When it comes to Southwest Potatoes with Cheddar, Corn, and Black Beans, a little patience goes a long way.
A variety of interesting posts that accumulated over the long weekend.
First, more horrors in the world of the international food supply. It seems things are getting worse more quickly, and that the 2008 food crisis was not a blip but a portent.
A long (too long, and too, well, British) but well-assembled BBC radio story that links peak oil and cows.
An interview with Lester Brown about natural disasters and their effect on food prices.
Plus: How do soldiers from different countries eat in the field? A photo essay from the Times’s Week in Review.
Finally, Paul Greenberg’s Week in Review piece responding to the “good” news that there have been strides in raising bluefin tuna in captivity. (Hint: It’s not as simple as all that.)
(Photo Credit: Ashley Gilbertson/VII Network, for The New York Times; food stylist, Maria Washburn)
Start with my Grilled Lebanese Flatbread from this week’s Minimalist, add grilled or broiled leg of lamb and a minty yogurt sauce, and you’ve got one seriously good Sunday (or Labor Day) Supper. Adapted from How to Cook Everything.
Grilled or Broiled Butterflied Leg of Lamb
Makess: At least 6 servings
Time: About 40 minutes
There’s really little point in grilling a bone-in leg of lamb, especially since butterflied leg is now often sold in supermarkets. It’s not cheap, but it’s not that expensive either, and it’s delicious, tender, and easy to cook. Even the uneven thickness is an asset: Cook the thickest parts to rare and you also get meat that is cooked to medium, which is still quite moist and tender, so everyone’s happy.
One to 3- to 4-pound butterflied leg of lamb
1 tablespoon extra virgin olive oil
1 teaspoon minced garlic
1 tablespoon fresh rosemary leaves or 2 teaspoons dried rosemary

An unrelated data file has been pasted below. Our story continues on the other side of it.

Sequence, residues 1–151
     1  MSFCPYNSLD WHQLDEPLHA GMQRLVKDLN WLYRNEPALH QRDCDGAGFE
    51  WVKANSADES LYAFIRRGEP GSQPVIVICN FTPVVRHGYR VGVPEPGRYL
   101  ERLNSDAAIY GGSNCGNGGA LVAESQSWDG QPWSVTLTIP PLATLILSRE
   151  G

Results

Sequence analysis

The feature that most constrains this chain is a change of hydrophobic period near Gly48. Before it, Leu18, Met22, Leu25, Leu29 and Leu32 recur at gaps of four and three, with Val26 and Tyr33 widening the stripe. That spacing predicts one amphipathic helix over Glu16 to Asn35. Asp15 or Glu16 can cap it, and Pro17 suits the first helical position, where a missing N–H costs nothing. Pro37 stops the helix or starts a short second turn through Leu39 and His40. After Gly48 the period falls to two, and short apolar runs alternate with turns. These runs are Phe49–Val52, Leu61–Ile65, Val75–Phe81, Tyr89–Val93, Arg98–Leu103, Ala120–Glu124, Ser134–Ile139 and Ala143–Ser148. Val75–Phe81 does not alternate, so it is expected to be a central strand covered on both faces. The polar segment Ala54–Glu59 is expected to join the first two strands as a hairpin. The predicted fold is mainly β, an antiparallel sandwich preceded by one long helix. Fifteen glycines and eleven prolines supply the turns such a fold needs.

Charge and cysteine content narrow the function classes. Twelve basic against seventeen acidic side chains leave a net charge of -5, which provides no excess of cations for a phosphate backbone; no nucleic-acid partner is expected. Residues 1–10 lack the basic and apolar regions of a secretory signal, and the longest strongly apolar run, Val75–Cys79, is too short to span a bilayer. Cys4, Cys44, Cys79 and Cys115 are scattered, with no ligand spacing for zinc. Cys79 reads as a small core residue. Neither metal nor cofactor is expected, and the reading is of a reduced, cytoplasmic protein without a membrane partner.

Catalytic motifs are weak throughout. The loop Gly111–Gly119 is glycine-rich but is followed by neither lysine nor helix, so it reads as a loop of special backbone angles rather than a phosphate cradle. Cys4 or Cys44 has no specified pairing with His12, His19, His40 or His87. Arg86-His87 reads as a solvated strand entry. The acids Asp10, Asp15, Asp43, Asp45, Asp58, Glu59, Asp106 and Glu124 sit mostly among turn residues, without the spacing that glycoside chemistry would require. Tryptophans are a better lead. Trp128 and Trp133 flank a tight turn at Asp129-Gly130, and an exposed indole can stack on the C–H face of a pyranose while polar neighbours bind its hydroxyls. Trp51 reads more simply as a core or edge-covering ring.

2 teaspoons fresh thyme leaves or 1 teaspoon dried thyme
Salt and freshly ground black pepper
Minced fresh parsley leaves for garnish
Lemon wedges for serving
1. Heat a charcoal or gas grill or the broiler until quite hot and put the rack at least 4 inches from the heat source. (Delay this step until you’re just about ready to cook if you choose to marinate the meat.) Trim the lamb of any excess fat. Mix together the olive oil, garlic, rosemary, thyme, and some salt and pepper; rub this mixture well into the lamb, being sure to get some into all the crevices. If you have the time, let the lamb sit for at least an hour (refrigerate if it will be much longer).
2. Grill or broil the meat (best done in a roasting pan with a rack) until it is nicely browned, even a little charred, on both sides, about 20 to 30 minutes; the internal temperature at the thickest part will be about 125°F; this will give you some lamb that is quite rare and some that is nearly well done. Let rest for 5 minutes before slicing thinly, as you would a thick steak. Garnish and serve with lemon wedges.
Minty Yogurt Sauce
Makes: 1 cup
Time: 3 minutes
1 cup yogurt, preferably whole milk
1 teaspoon minced garlic
1/4 chopped fresh mint
Salt and freshly ground black pepper
Freshly squeezed lemon juice if necessary
1. Combine the yogurt with the garlic, mint, a pinch of salt, and a grinding or two of pepper. Taste and adjust the seasoning, adding some lemon juice if necessary.
2. Serve immediately or refrigerate for up to a few hours; bring back to near room temperature before serving.
By Kerri Conan
These are the best field cucumbers ever. Fighting words to be sure. But after growing lemon, Armenian, bush champion, sweet marketmore, and Mideast prolific Sean and I know what we like. And this summer we’re high on Poona Kheera.
The pulp-to-flesh ratio is not too important to us, since we remove the seeds before eating anyway. Overall crispness is way more valuable. And any cuke that keeps cranking all summer long—despite the heat, the beetles, and the threat of disease—will be our BCF. The Poona (which comes from India) fires on all cylinders: You can eat them when they’re pickler-size or when they grow to over a pound. The flavor is clean and slightly sweet (like limestone spring water) and the texture is super crunchy. So they’re a lot like eating melons.